The church foreclosure report is largely focused on Protestant churches that have been foreclosed. If the number of Catholic churches that have been shut down by bishops and chancery officials during this same time period, the number would be even higher. Closed Catholic churches are effectively ones that have undergone an internal foreclosure for the same reasons the Protestant churches have been foreclosed by commercial banks: no money, diminishing congregations, fixed-to-increasing maintenance and utility costs, etc.
- 2011 a record year for church foreclosures
- Churches hit by credit bubble, some devalued
- Churches faulting, struggling with "balloon" payouts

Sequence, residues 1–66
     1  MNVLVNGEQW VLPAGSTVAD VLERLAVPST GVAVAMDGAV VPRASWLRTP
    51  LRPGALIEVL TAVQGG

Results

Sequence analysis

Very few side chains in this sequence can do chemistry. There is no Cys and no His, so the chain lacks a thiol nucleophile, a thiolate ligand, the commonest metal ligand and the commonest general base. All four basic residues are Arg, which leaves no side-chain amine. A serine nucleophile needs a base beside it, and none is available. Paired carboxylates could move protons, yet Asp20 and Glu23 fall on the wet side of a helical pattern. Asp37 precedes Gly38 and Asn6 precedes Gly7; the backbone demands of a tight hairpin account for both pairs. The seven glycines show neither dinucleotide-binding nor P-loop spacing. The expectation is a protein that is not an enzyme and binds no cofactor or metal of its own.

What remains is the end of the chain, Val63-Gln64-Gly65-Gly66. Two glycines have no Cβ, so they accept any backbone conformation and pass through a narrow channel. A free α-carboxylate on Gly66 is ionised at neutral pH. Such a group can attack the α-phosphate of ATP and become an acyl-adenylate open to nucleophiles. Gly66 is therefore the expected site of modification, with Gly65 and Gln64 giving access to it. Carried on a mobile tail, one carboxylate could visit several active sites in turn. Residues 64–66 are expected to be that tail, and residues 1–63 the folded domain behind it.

- Banks say church foreclosure last resort
Banks are foreclosing on America's churches in record numbers as lenders increasingly lose patience with religious facilities that have defaulted on their mortgages, according to new data.
The surge in church foreclosures represents a new wave of distressed property seizures triggered by the 2008 financial crash, analysts say, with many banks no longer willing to grant struggling religious organizations forbearance.
Since 2010, 270 churches have been sold after defaulting on their loans, with 90 percent of those sales coming after a lender-triggered foreclosure, according to the real estate information company CoStar Group.
In 2011, 138 churches were sold by banks, an annual record, with no sign that these religious foreclosures are abating, according to CoStar. That compares to just 24 sales in 2008 and only a handful in the decade before.